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able Administration afterwards appointed asked attention became become believe bill Blaine called campaign candidate carried chairman Chicago Civil Cleveland close Commerce committee Congress considerable considered Constitution convention Court Democratic Department determined Douglas duty elected entered Executive fact father favor feeling felt finally Foreign friends give Government Governor Grant House Illinois important interest John Judge Justice knew known lawyer legislation Legislature letter Lincoln living Logan matter McKinley meeting naturally never nomination occasion once Panama party passed political position present President question railroad reference regarded Relations remained Representatives Republican respect result returned Secretary secure seemed Senate served session soon Speaker speech Springfield taken tariff term thought tion told took treaty Union United vote Washington
Σελίδα 76 - I shall have the most solemn one to "preserve, protect, and defend it." I am loath to close. We are not enemies, but friends. We must not be enemies. Though passion may have strained it must not break our bonds of affection. The mystic chords of memory, stretching from every battlefield and patriot grave to every living heart and hearthstone all over this broad land, will yet swell the chorus of the Union, when again touched, as surely they will be, by the better angels of our nature.
Σελίδα 102 - I would do it; and if I could save it by freeing all the slaves, I would do it; and if I could do it by freeing some and leaving others alone, I would also do that. What I do about slavery and the colored race, I do because I believe it helps to save the Union; and what I forbear, I forbear because I do not believe it would help to save the Union.
Σελίδα 76 - In your hands, my dissatisfied fellow-countrymen, and not in mine, is the momentous issue of civil war. The Government will not assail you. You can have no conflict without being yourselves the aggressors. You have no oath registered in Heaven to destroy the Government ; while I shall have the most solemn one to " preserve, protect and defend
Σελίδα 102 - My paramount object in this struggle is to save the Union, and is not either to save or to destroy slavery. If I could save the Union without freeing any slave, I would do it ; and if I could save it by freeing all the slaves, I would do it ; and if I could save it by freeing some and leaving others alone, I would also do that.
Σελίδα 90 - FRIENDS: No one not in my situation can appreciate my feeling of sadness at this parting. To this place, and the kindness of these people, I owe everything. Here I have lived a quarter of a century, and have passed from a young to an old man. Here my children have been born and one is buried. I now leave, not knowing when or whether ever I may return, with a task before me greater than that which rested upon Washington.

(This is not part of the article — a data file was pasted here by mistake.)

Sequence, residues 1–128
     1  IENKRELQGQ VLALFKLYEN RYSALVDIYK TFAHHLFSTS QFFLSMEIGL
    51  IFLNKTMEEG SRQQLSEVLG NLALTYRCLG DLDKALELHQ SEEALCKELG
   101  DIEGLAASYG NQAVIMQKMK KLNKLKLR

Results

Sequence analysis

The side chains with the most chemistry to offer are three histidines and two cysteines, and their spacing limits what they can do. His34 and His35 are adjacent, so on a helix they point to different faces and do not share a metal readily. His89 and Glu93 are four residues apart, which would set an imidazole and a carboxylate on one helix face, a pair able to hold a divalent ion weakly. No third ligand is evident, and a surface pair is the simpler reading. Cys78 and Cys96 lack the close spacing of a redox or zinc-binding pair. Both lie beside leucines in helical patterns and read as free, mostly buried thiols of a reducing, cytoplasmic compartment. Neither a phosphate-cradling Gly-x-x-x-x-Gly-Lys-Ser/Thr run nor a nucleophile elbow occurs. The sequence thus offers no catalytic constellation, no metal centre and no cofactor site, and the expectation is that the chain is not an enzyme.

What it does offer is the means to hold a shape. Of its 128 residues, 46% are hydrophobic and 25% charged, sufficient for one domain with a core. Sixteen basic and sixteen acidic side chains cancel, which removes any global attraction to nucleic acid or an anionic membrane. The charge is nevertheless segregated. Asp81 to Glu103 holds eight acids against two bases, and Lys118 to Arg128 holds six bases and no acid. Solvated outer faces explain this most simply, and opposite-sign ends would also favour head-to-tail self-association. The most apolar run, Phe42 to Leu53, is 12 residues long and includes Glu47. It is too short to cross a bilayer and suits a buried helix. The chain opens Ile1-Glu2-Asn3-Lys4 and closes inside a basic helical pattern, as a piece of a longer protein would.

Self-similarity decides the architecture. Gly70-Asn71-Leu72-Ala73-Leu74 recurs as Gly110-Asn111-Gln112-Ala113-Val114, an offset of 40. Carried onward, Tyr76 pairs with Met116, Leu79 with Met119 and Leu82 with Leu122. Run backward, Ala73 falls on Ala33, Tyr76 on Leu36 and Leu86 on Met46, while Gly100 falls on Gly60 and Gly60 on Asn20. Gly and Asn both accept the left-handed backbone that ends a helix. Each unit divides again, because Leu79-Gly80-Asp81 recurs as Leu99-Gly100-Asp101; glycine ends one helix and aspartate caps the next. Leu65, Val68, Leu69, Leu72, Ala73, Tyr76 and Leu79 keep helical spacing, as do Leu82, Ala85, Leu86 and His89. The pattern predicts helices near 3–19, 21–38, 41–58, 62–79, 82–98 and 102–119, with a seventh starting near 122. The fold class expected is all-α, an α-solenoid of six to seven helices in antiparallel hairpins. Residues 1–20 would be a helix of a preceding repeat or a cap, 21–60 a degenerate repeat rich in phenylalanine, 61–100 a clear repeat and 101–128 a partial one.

Σελίδα 76 - The power confided to me will be used to hold, occupy, and possess the property and places belonging to the government, and to collect the duties and imposts; but beyond what may be necessary for these objects, there will be no invasion, no using of force against or among the people anywhere.
Σελίδα 102 - I shall try to correct errors when shown to be errors, and I shall adopt new views so fast as they will appear to be true views. I have here stated my purpose according to my view of official duty, and I intend no modification of my oft-expressed personal wish that all men everywhere could be free.
Σελίδα 76 - I hold that in contemplation of universal law and of the Constitution the Union of these States is perpetual. Perpetuity is implied, if not expressed, in the fundamental law of all national governments. It is safe to assert that no government proper ever had a provision in its organic law for its own termination.
Σελίδα 99 - This morning, as for some days past, it seems exceedingly probable that this Administration will not be reelected. Then it will be my duty to so cooperate with the President elect, as to save the Union between the election and the inauguration; as he will have secured his election on such ground that he cannot possibly save it afterwards.